Cultures of the clonal Pseudo-nitzschia isolates were harvested at stationary phase, around seven days after inoculation, in 1.5 mL screw-cap microcentrifuge tubes (Labcon, CA, USA) by centrifugation (at 9000× g for 2 min, MiniSpin plus; Eppendorf, Hamburg, Germany). Genomic DNA of isolates was extracted using the DNeasy PowerSoil kit (Qiagen, Hilden, Germany) according to the manufacturer’s protocol or by the chelex-based DNA isolation method [67]. Briefly, the cell pellets were dissolved in 200 μL of 10% (w v−1) solution of Chelex 100 Resin (143-2832; Bio-Rad, CA, USA) in a 1.5 mL tube (Labcon) and incubated at 95 °C for 20 min with thorough mixing every 10 min. The tube was then centrifuged at 9000× g for 2 min (Centrifuge 5430; Eppendorf). The supernatant containing genomic DNA was used as a template for PCR amplification below.
The rDNA, specifically, the ITS region and LSU rDNA D1–D3 was amplified by PCR. The PCR was performed using 25 µL reaction volumes as follows: nuclease-free water (AM9937; Ambion, CA, USA); 12.5 µL of MyTaq Red Mix, 2 × (Bioline, London, UK); each primer (0.4 µM as a final concentration) as below; non-acetylated bovine serum albumin (BSA, 16 ng; Sigma-Aldrich, Auckland, New Zealand), and template genomic DNA (approximately 5–100 ng) extracted as above. The ITS region was amplified using the primers: 4618F (forward, 5′-GTA GGT GAA CCT GCA GAA GGA TCA-3′) and LSU1R (reverse, 5′-ATA TGC TTA AAT TCA GCG GGT-3′) [68]. The LSU rDNA D1–D3 was amplified using the primers: D1R (forward, 5′-ACC CGC TGA ATT TAA GCA TA-3′) [21] and D3B (reverse, 5′-TCG GAG GGA ACC AGC TAC TA-3′) [69]. PCR was run using a thermocycler (Mastercycler nexus gradient; Eppendorf), and PCR cycling conditions were 98 °C for 4 min; 35 cycles of 95 °C for 30 s, 60 °C for 30 s, and 72 °C for 60 s; and 72 °C for 10 min. For identifying positive bands with a known standard, the PCR products were run on a 1.5% (w v−1) agarose gel, stained with RedSafe Nucleic Acid Staining Solution (iNtRON Biotechnology, Seoul, Korea), and viewed under a UV light.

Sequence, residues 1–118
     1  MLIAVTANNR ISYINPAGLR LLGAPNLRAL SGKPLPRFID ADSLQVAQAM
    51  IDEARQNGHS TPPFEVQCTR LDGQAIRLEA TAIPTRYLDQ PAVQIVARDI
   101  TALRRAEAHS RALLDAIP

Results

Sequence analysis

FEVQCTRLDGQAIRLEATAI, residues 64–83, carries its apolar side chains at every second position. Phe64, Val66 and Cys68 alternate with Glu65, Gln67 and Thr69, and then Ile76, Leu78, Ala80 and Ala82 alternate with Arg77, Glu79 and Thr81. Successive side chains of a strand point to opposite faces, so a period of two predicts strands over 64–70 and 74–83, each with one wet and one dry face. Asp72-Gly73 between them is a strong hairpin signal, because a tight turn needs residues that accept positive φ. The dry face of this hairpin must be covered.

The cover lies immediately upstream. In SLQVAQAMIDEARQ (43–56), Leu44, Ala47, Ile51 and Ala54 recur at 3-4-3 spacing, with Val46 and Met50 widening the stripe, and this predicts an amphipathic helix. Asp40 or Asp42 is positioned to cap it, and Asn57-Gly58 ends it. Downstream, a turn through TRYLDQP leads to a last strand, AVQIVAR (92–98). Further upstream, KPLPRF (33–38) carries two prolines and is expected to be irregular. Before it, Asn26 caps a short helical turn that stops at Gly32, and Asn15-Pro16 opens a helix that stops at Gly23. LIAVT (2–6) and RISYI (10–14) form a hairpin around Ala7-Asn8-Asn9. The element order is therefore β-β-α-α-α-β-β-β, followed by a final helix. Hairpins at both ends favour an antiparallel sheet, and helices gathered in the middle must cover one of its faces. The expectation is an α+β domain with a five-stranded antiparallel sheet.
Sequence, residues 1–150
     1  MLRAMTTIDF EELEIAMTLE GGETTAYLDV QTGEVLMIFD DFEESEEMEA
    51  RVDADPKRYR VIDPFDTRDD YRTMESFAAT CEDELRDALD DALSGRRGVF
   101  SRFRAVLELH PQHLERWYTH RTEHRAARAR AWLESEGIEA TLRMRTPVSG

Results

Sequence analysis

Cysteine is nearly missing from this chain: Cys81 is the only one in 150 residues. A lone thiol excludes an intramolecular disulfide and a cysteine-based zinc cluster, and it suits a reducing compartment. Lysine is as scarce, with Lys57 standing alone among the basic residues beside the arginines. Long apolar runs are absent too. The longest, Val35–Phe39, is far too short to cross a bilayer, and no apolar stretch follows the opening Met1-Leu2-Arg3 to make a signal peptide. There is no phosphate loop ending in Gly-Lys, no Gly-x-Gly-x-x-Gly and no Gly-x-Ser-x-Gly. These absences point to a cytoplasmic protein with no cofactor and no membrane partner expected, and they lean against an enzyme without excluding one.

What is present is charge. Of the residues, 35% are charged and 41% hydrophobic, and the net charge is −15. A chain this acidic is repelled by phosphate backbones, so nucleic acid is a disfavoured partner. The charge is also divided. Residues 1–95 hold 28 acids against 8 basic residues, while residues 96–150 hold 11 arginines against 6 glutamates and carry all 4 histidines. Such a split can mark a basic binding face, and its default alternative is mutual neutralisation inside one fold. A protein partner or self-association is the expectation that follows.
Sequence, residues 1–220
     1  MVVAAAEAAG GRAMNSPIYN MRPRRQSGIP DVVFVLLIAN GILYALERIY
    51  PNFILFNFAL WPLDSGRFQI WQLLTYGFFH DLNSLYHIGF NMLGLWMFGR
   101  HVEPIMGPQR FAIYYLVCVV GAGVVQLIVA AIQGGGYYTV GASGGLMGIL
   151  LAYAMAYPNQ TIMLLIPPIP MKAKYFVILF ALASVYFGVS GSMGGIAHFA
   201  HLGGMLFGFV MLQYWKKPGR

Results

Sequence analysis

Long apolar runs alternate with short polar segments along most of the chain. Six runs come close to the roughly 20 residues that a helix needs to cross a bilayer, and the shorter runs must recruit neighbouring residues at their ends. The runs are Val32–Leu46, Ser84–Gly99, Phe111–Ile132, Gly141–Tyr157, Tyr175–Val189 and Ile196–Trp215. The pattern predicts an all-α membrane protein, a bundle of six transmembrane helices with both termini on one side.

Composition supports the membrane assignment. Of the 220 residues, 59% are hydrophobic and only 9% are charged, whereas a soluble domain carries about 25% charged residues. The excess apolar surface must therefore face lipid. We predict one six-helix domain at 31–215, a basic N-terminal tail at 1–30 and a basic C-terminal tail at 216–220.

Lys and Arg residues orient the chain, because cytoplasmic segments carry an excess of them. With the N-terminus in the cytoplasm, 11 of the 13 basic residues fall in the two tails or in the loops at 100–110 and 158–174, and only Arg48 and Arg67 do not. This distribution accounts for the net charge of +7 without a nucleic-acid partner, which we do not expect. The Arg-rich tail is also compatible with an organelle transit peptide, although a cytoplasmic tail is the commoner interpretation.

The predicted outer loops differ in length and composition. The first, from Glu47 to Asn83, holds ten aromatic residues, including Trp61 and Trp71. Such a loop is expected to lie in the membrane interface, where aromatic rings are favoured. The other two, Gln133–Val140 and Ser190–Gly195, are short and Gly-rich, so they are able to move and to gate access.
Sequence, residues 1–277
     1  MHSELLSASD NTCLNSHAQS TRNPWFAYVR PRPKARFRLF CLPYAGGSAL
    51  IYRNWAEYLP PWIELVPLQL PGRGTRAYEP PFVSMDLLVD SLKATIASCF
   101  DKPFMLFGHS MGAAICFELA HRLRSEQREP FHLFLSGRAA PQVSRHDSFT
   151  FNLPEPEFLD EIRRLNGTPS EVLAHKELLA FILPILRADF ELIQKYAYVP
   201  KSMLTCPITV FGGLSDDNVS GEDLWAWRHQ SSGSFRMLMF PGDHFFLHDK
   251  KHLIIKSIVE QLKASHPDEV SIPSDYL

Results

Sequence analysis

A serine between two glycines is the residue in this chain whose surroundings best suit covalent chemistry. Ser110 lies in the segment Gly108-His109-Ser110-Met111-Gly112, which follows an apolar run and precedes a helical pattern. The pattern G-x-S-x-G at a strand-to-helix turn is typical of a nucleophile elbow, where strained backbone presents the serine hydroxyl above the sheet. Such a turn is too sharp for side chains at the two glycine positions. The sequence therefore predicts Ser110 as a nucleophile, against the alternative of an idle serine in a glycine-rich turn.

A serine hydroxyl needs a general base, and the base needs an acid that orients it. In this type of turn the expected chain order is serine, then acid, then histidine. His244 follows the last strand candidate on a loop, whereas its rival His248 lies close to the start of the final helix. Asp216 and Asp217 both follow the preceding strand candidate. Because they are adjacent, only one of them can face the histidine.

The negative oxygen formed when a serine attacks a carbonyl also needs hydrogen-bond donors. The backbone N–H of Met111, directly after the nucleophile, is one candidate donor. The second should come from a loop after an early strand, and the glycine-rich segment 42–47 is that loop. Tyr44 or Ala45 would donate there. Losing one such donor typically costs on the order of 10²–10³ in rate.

The PCR products were purified using NucleoSpin Gel and PCR Clean-up kit (Macherey-Nagel, Düren, Germany) according to the manufacturer’s protocol and sequenced using the PCR primers by Genetic Analysis Services, University of Otago, Dunedin, New Zealand or Macrogen, Seoul, South Korea. Forward and/or reverse reads were edited and assembled using Geneious 8.0.5 (Biomatters, Auckland, New Zealand). Representative sequences were deposited in DDBJ (DDBJ accession numbers: LC636495–LC636593; the primer regions located at both ends of the sequences were excluded from the deposited sequences) (Table S2).

4.2.2. Molecular Phylogenetic Analyses